Published on: 2010-12-07

Washington, D.C., December 7, 2010 - The Global e-Sustainability Initiative (GeSI) and Eletronic Industry Citizenship Coalition (EICC) recently held the fifth tantalum and tin supply chain workshop in Washington D.C. to continue the ongoing dialog regarding responsible sourcing of these minerals.

Supply chain meeting focuses on efforts in the Great Lakes Region

Joining many representatives from the electronics industry, participants at the November 16 workshop included stakeholders from entities across the supply chains for tantalum, tin, and gold, the International Conference on the Great Lakes Region (ICGLR), the Democratic Republic of Congo (DRC) Ministry of Mines, the DRC and Rwandan mining and trading sectors, the United Nations Group of Experts, the World Bank, the Organization for Economic Co-Operation and Development (OECD), the U.S. State Department, the U.S. Agency for International Development, the Bundesanstalt für Geowissenschaften und Rohstoffe (BGR), the automobile and chemical industries, and non-governmental organizations.

The Executive Secretary of the ICGLR, Ambassador Liberata Mulamula, provided the opening address, highlighting that "we are under intense pressure to deliver fast results in terms of tracking and certifying minerals," emphasizing that "what we also have to avoid is an embargo or quasi-embargo through the US Minerals Bill for minerals from the Great Lakes Region. An embargo would endanger the reconstruction and development process in the post-conflict countries of the Great Lakes Region that has just started and thousands of artisan miners and their families would lose their income." Ambassador Mulamula concluded her remarks by stating that "a conflict free mineral regime in the Great lakes region is possible. Let us all play our part!"

The session provided a review of previous supply chain workshops, ongoing governmental activities, and mineral traceability schemes currently under development. Initiatives reviewed included an update on the ICGLR Mineral Tracking and Certification Scheme, the ITRI Supply Chain Initiative (iTSCi)1, the upcoming due diligence guidance documents provided by both the OECD and the UN Group of Experts, and BGR’s certification and mineral fingerprinting activities. The representatives of ITRI and ICGLR also announced a partnership between the two organizations to cooperate in the areas of minerals tracking and data exchange.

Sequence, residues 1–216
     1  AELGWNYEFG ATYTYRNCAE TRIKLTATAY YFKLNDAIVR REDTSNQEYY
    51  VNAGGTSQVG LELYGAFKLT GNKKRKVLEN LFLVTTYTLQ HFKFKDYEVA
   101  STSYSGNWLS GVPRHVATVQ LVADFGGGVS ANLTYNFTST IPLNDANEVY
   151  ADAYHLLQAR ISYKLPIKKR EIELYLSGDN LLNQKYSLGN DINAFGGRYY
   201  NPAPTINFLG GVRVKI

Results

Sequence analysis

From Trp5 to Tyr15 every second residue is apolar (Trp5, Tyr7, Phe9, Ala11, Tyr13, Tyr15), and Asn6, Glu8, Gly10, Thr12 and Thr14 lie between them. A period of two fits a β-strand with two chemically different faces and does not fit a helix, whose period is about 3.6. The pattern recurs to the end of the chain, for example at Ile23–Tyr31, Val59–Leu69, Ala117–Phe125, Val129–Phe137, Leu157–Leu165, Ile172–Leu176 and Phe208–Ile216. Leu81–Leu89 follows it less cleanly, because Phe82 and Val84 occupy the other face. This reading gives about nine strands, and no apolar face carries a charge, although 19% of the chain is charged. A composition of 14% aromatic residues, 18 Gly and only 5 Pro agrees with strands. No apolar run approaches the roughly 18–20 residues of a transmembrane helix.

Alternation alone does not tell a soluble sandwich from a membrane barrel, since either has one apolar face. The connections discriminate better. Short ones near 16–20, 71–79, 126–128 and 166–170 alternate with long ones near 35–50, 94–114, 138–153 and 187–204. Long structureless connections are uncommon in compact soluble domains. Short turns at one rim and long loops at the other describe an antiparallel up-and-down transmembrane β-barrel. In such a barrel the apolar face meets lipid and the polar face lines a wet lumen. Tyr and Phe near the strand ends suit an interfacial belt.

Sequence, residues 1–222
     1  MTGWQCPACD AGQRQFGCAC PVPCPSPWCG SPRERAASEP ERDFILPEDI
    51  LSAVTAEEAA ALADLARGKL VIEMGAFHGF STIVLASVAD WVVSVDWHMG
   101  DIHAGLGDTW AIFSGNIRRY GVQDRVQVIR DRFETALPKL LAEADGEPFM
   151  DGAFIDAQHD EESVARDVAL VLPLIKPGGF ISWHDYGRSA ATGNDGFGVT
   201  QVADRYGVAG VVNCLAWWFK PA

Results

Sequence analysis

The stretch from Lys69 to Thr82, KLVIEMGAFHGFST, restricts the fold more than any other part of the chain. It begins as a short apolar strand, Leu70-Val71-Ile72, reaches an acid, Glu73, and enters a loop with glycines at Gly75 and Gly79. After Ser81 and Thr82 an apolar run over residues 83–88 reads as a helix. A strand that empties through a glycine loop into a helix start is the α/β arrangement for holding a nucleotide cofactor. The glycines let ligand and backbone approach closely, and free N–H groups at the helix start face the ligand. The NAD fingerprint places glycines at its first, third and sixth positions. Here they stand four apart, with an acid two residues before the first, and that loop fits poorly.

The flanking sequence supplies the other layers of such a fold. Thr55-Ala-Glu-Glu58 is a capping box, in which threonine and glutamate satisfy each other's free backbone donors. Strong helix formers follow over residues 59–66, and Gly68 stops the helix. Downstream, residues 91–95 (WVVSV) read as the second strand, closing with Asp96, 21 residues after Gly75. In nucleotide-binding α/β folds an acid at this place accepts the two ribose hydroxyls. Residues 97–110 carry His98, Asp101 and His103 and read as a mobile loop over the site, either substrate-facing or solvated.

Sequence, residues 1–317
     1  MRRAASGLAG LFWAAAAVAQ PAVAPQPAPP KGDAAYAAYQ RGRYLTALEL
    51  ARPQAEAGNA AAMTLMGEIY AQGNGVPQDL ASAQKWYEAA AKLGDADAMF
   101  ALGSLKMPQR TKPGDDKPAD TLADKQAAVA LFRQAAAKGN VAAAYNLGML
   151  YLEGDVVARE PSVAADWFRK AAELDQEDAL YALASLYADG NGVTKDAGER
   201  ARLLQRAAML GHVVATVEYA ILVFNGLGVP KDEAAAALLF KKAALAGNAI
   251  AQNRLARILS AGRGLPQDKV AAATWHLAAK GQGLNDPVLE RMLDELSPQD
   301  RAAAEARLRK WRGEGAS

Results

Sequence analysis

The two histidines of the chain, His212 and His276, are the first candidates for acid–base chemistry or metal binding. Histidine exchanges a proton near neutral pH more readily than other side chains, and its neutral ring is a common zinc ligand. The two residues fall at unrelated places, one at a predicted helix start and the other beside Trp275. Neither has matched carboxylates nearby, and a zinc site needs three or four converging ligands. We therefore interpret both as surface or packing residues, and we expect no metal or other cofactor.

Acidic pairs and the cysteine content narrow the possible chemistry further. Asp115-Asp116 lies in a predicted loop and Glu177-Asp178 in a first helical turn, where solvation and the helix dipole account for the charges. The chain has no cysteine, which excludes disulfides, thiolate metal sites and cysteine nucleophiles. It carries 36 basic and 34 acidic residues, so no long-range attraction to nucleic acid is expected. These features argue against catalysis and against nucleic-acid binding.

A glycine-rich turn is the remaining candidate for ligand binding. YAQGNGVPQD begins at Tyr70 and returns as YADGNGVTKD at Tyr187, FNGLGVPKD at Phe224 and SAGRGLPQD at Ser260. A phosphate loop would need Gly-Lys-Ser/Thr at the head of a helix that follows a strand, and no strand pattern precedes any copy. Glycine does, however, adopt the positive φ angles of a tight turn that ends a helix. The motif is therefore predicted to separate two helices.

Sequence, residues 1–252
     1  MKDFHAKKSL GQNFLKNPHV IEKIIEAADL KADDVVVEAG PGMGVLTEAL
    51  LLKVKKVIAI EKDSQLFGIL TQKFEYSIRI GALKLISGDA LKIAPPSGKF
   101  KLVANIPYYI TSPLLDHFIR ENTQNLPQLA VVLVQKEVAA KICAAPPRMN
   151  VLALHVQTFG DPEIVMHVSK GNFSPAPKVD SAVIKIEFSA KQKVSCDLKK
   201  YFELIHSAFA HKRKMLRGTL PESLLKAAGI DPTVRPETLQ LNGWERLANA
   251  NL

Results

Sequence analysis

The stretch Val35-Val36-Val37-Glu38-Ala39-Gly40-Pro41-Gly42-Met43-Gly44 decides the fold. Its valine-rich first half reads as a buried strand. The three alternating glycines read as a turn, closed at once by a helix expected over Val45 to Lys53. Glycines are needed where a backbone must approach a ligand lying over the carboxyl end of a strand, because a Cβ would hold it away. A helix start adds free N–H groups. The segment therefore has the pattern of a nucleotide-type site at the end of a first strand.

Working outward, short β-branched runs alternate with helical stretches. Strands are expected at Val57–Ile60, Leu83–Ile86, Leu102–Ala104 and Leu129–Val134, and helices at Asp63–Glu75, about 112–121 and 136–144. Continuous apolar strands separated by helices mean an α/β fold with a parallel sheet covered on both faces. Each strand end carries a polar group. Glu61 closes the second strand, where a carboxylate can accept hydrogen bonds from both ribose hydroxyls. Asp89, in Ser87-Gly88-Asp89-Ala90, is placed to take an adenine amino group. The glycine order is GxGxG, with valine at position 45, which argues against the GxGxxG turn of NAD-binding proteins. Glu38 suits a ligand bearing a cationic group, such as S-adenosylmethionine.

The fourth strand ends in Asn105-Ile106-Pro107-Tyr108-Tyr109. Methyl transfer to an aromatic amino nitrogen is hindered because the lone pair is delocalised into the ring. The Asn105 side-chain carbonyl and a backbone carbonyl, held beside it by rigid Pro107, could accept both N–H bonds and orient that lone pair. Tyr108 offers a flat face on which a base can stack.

GeSI and EICC members discussed the continuing development of the Conflict-Free Smelter (CFS) program, highlighting progress across all four critical metals: tantalum, tin, tungsten, and gold. The CFS program is being implemented across smelters against aggressive timelines in an effort to meet the legislative requirements defined by the U.S.’s Dodd-Frank Financial Reform law (Section 1502).

Ongoing support and execution of the iTSCi In-Region Sourcing scheme was recognized as a critical step to enable legitimate trade in minerals from the DRC. Support for the development of the OECD due diligence guidance and related pilot project were also recognized as priorities. GeSI and EICC members also encouraged continued engagement of local stakeholders through the iTSCi program and local Comités de Pilotage.

The next workshop of the tin, tantalum, gold, and tungsten supply chain working group is scheduled for the first half of 2011.

About GeSI (Global e-Sustainability Initiative)

The Global e-Sustainability Initiative (GeSI) is uniquely dedicated to information and communication technologies (ICT) sustainability through innovation. GeSI brings together leading ICT companies – including telecommunications service providers and manufacturers as well as industry associations – and non-governmental organisations committed to achieving sustainability objectives through innovative technology. In June 2008, GeSI became a legal independent entity, an international non-profit association (AISBL) with an office near the EU institutions in Brussels, Belgium. For more information, see

About EICC (Electronic Industry Citizenship Coalition)

The EICC was established in 2004 to improve social, economic, and environmental conditions in the global electronic supply chain through use of a standardized code of conduct. The EICC was incorporated in 2007 as an association to ensure greater awareness of the Code, and to expand its adoption across the industry. The EICC includes over 50 global electronics companies. For more information or to view the EICC Code of Conduct, see

Download full press release here: GeSI & EICC Join with Tantalum and Tin Supply Chain Representatives and Stakeholders on Responsible Sourcing of Minerals from Conflict Regions

For more information, contact:

Press Officer
+32 2 282 8442

Wendy Dittmer
+1 512 934 8922

ITRI’s iTSCi is currently on hold due to the mining ban announced by DRC President Kabila on 11 September 2010.

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